DIY Anthropologie Style Aprons

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Whenever I think of my mum, I see her in the kitchen toiling over some crazy steamy and tasty concoction.  The smells of Vietnamese spices would engulf the kitchen and the noises of kitchen pans and utensils clanging together made my stomach growl.  Her Banh Xeo(Vietnamese stuffed crepes) makes me salivate just thinking about it.  Gosh.  Ok, back on topic.  Mother’s Day is coming up and I started wondering what would be a great gift to give mum.  Flowers eventually die, chocolates end up on the hips and shiny things lay forgotten in the jewelry box.  However, Mom is always seeming in the kitchen, so something that she could use while making a tasty treat would be a delight.  I was in Anthropogie the other day and fell in love with their ecclectic aprons, but wanted something with a little more personality.  I have been loving colorful mono block prints on upholstery fabrics and thought that they would be perfect to make an apron with.  It was just a matter of deciding to stop procrastinating and start to DIY aprons when my friend Elise of MyCupcakeAddiction came by on a stop from Australia.  Both of us wanted to collaborate on Mother’s Day gift ideas and decided to get to work!  Are you ready to make some super cute aprons using either a no-sew or sew technique?  Well, read on!……


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For this DIY, you are going to need a few things.

Materials:

1) 1-2 yards of colorful upholstery fabric.  You want a hardy cloth with some structure and strength to be the base of the apron

2) 2 yards of a 2″-3″ ribbon to use as the main sash and half a yard of 1″ ribbon to use for the neck tie.  You can also make both the sash and neck tie out of cloth if you are so inclined.

3) A large piece of craft paper to make the pattern with.

Tools:

1) Sewing Needles.  These are important and handy to keep the items pinned down when sewing or glueing.  I prefer using long needles with a circular head like this one.

2) Iron for pressing seams.  I adore this cute little iron

3) Permanent Fabric Glue.  This glue is the bomb dot com.  It’s really makes DIY sewing crafts much more accessible to those that don’t have access to a sewing machine.  Totally washable and very strong.

4) Sewing Machine(if you are a sewer).  I you are new to sewing machines and want to make an investment in your DIY hobby, I recommend this one.  If you are looking for something that will last forever, this Singer machine is a beast.

5) Sharpies, Scissors, Strawberries(just because they are tasty)

 

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Ok, so let’s get into it.  The first thing is you are going to want to make pattern for your apron.  There are tons of free patterns online here, but I decided to freehand my own.  It’s pretty easy to do once you know what you want to make.  I am making a two piece pattern as I wanted an eclectic mix of fabric and a textured flare, but the easiest is definitely a one piece.  For a two piece pattern, I did the following.  I took a halter top and folded it in half and laid it on my craft paper for the initial pattern.  Only trace the arm hole shape and not the neck area.  If you don’t have a sleeveless halter top, you can also use a tank top if you add 2-3 inches to the curvy arm area.  I traced the general shape and added an inch around it for the seam allowance.  The height from top of the pattern to the bottom for me was about 16.5″.  I roughly cut the pattern out and tried it out to see if I liked it and made adjustments from there.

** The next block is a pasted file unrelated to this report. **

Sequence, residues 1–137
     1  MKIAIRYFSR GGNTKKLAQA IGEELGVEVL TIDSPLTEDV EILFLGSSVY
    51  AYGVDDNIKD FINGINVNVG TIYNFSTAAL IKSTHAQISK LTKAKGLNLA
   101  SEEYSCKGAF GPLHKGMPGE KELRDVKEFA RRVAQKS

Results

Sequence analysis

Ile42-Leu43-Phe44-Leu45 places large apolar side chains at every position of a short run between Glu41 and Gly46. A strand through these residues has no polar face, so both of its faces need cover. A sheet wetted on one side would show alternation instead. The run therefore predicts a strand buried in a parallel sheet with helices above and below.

blog2For the bottom part of the apron, I cut a rectangle that was roughly 20″ Tall x 28″ Wide.  If you want to do some gathering and ruching, I recommend adding about 8″ to the width dimension.  This accounts for a 1″ seam allowance on all sides.

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Cut out the pattern, pin it to your fabric and then cut it out!

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Time to assemble the apron.  First start by pressing the seams with an iron.  Fold in 1″ of each raw edge and then iron.  Do the top and side seams of the top half of the apron and all all four sides of the bottom half.

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You can then either sew or glue the seams shut!

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If you want to add some texture and want to do some ruching, this is the time to do it.  To add this texture, you will need to baste stitch the top hemline.  A baste stitch is basically a very loose stitch that you will pull on one end to gather up the fabric.  Here is a great tutorial on how it’s done.

Ok, now it’s time to connect the top to the bottom!  You can either glue or sew this seam together.  Attach the right side of the fabric on the top half to the folded upper seam of the lower half.  Your apron is taking shape!

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It’s time to figure out how to hang the apron now!  I used a 2″ wide ribbon as the main sash.  To measure how much I needed, I loosely wrapped it around my waist and then added about 12″ to each side so I can use those ends to tie into a bow.  You can either glue or sew the sash onto your apron.  I used the sash to cover the main seam.  Next, you can either make a loop with your 1″ ribbon for the neck loop or use 2 pieces on each order of the top of the apron like I did.  Finally, sew or glue on the neck line ties.

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Finally, if you want, you can cut out U shaped pieces of cloth for the pockets and glue or sew them on!

Try out your fancy new Apron or give one to mum and head to the kitchen!

Happy Mothers Day,

Ann

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